State v private split in students going to Oxbridge
The first official breakdown of England's public and state school-leavers' destinations shows a strong divide between the two.
One in 20 students from private school went on to study at Oxford or Cambridge University in 2011, as against one in 100 from state school, statistics show.
State school sixth form colleges also differ greatly in their performance.
Salisbury's Sarum Academy sent 13% of its students on to university, compared with 95% at Reading School.
'Colleges must deliver'
But in general, the number of state school A-level students who either went on to study at university, got a job, or went into further vocational training, was up to 74% from 69% between 2010 and 2011.
And 5% more state school pupils also went on to higher education between 2011 and 2012, at 53%, compared with 48% for 2010 and 2011.
The statistics, released by the Department for Education, allow parents to look at the performance of their child's school.
On average, 11% of state school students went to Russell Group institutions, the most select of UK university groups, compared with 38% of independent school students.
The figures come in the same week as Ofsted said state schools are lagging behind private schools for competitive sport, which it said also damages their academic performance.
Schools minister David Laws said it was "right" parents should have "as much information as possible" to decide on their children's education.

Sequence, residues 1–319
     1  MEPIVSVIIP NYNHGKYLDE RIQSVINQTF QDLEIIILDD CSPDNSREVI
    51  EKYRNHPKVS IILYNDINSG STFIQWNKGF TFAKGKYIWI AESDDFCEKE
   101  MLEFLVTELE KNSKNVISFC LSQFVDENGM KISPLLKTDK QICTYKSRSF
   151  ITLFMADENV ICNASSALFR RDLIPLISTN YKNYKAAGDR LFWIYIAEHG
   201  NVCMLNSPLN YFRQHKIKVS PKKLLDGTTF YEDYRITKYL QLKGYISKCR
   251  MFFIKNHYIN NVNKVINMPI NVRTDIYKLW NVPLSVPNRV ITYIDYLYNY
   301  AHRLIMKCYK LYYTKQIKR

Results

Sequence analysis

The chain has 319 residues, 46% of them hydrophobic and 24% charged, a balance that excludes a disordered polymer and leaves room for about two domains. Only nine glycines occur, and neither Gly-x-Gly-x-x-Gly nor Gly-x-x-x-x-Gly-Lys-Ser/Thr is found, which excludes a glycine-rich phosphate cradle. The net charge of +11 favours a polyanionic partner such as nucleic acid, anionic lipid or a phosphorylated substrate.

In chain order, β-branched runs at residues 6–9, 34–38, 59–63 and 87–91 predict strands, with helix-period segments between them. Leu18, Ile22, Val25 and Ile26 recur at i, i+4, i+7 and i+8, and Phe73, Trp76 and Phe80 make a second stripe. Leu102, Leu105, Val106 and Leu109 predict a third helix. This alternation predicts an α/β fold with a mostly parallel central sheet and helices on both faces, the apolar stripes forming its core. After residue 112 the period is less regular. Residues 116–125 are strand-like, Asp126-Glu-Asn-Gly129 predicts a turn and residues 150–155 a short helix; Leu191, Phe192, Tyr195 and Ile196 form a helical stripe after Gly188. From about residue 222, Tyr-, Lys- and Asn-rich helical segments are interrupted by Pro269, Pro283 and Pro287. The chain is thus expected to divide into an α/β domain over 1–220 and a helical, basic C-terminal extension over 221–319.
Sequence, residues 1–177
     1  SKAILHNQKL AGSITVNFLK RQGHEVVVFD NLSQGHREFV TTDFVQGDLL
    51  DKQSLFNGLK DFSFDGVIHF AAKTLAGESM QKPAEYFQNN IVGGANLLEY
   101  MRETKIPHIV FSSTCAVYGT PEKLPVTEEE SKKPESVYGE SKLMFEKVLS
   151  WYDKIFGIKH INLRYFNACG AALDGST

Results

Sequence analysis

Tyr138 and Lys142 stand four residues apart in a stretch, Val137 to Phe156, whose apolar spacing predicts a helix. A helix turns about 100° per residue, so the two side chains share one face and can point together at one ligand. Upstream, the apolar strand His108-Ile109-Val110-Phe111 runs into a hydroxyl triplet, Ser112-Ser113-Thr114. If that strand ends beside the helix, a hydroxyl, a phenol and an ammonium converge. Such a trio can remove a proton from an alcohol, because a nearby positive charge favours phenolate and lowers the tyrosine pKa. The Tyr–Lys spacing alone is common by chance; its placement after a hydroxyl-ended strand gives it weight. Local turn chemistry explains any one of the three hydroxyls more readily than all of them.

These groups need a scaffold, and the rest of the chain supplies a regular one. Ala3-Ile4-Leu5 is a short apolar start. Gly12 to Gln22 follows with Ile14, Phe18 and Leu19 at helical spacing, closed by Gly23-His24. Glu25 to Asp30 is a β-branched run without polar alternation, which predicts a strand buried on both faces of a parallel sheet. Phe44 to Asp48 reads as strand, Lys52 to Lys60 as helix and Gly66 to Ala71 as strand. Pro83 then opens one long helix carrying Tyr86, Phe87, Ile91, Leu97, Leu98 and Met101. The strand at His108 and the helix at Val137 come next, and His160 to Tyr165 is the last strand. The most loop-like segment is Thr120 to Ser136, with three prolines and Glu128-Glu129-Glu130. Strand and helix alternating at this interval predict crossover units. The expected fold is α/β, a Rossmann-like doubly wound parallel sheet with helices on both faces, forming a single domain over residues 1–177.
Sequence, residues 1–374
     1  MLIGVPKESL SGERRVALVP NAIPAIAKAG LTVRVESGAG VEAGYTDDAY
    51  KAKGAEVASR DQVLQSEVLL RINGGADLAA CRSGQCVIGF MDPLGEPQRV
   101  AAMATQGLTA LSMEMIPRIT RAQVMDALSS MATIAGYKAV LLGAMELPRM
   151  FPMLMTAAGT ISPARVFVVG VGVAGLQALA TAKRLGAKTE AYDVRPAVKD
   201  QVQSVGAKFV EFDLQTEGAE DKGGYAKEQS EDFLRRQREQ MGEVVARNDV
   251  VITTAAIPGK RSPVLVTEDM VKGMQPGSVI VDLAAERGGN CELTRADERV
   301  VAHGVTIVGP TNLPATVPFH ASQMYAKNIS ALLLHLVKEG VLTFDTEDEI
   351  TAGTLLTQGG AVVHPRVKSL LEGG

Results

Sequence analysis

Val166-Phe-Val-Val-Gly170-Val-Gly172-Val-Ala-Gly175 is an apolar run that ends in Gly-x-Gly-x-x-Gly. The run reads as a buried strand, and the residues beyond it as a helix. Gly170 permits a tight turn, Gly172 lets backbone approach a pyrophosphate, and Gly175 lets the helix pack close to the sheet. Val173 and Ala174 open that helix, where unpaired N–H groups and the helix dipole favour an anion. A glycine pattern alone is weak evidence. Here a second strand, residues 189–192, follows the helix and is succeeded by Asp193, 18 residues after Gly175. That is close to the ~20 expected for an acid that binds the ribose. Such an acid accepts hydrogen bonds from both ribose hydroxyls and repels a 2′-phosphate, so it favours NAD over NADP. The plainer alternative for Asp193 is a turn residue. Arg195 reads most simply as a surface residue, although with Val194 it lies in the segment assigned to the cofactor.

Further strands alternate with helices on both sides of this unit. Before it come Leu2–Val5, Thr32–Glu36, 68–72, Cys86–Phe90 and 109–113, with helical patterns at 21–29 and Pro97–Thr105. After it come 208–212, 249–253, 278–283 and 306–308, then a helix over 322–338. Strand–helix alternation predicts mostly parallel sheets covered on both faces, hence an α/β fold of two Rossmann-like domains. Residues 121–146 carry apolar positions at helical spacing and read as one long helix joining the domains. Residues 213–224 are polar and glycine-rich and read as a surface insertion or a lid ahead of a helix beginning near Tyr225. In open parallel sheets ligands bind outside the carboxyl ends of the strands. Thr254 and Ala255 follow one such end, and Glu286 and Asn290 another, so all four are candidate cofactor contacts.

Mr Laws added: "Some students will be aiming to get a job after college, others will be hoping to win a place at a great university.
"But all schools and colleges must ensure they deliver for all their students, whatever that student's target."
'Work to do'
He said many schools were "excelling", such as Mossbourne Community Academy in London's Hackney, which sent 7% of its pupils to Oxbridge between 2011 and 2012.
Mr Laws said the school was one of England's "top state performers", adding Hackney was "one of the most deprived areas in the country".
Prof Les Ebdon, director at Fair Access to Higher Education, said: "As a whole, the sector has seen sustained improvements in the last decade in the number and rate of disadvantaged young people applying to and entering higher education."
He said in 2014 the rate of students from disadvantaged backgrounds applying to enter higher education was "at its highest level ever".
Prof Ebdon added: "However, there is still much work to be done - especially to address the stubborn gap between the numbers and rates of advantaged and disadvantaged students at highly selective universities."